L.R.: Companies are seeing profits generated by spending abroad, particularly in China and the rest of Asia. They are also seeing some revival in consumer spending, with March retail sales showing sizeable gains. Companies targeting business capital spending have also seen a revival in demand for various technology equipment and software as well as other business equipment. They are also responding to demand from companies across the board starting to restock their shelves, rebuilding inventories.
H.L.: What sectors of the economy and the stock market look positive?
L.R.: We had a spectacular 2009 and a good first quarter. Much of the easy money in the stock market has now been made, but there still appears to be some upside potential.
Consumer discretionary, technology, financial services, and capital goods firms could see some of the better gains, and I think they will be fairly broad-based. In the short term, materials companies could also benefit from economic growth, but at some point one may want to be cautious as commodity prices continue to skyrocket.
Companies exposed to higher interest rates, like utilities, could be adversely affected.
H.L.: Is the stock market set to move up, or will volatility and a correction temporarily block an uptick?
L.R.: It’s very hard for investors to time this market, so they may want to be exposed to the equity market, but they should be prepared for a correction and more volatility.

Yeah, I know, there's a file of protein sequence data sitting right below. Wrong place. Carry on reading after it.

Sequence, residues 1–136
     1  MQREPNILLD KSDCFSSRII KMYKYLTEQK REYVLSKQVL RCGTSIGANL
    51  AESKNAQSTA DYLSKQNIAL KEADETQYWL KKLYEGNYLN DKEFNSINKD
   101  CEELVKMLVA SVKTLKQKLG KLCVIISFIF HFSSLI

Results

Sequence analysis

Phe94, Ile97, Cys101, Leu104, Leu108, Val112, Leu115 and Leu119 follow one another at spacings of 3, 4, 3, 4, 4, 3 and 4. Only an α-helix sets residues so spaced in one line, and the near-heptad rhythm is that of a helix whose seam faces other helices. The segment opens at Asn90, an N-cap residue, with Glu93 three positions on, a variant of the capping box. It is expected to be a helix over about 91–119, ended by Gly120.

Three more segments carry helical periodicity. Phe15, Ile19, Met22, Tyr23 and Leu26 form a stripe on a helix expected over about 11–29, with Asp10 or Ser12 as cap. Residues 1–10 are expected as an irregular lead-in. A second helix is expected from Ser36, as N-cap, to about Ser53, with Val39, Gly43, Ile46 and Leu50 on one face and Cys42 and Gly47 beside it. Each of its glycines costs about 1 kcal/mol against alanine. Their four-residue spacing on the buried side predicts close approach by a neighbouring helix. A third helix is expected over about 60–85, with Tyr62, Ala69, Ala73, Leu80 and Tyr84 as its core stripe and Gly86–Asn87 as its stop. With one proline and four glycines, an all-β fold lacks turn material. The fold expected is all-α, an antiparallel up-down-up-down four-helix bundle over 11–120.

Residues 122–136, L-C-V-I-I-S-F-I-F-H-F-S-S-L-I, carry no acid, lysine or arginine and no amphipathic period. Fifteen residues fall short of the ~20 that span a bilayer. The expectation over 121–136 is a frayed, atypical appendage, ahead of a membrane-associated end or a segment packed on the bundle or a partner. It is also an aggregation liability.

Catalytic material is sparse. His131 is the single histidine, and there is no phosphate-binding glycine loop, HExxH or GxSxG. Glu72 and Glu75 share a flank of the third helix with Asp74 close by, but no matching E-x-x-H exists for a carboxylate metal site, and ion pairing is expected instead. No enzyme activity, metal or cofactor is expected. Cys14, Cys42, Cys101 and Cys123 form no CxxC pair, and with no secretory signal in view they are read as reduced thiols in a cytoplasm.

H.L.: Do you agree with the pundits who say a strong dollar makes stocks decline, and what do you predict for the dollar?
L.R.: We’ve actually had a strong dollar and a strong stock market. The dollar has been strong primarily because of debt problems in Europe, and the stock market has reflected the stronger prospects for the U.S. economy and profits. Later this year the dollar might weaken against Asian currencies in particular as China may allow its currency to start to appreciate. But the dollar’s movement is unlikely to dictate the course of stocks.
For China, letting its currency appreciate will reduce some of the inflationary and overheated conditions in its economy, improve some of our export potential into China, and somewhat slow the flow of imports into the U.S. The most important effect might be to dampen some of the protectionist activity of Congress.
The Chinese currency should be much stronger, so not letting it appreciate further exacerbates imbalances in world trade, makes their exports more competitive than they should be with a larger share of exports, and dampens their potential to import.
H.L.: An avalanche of bad commercial real estate loans are coming due. Is the gravity of the situation being exaggerated?
L.R.: It’s a very serious situation, but banks will continue to refinance many of these loans. It’s called "extend and pretend," that is, banks are lengthening the terms of the loans with the hope that the borrowers will be able to repay the loans and the property values will improve significantly.
Overall, commercial real estate will be one primary sector in the economy that will be declining while others expand this year, but the problem is unlikely to be nearly as severe as that in housing and is unlikely to trigger another financial crisis or double-dip recession.
Disclosure: No positions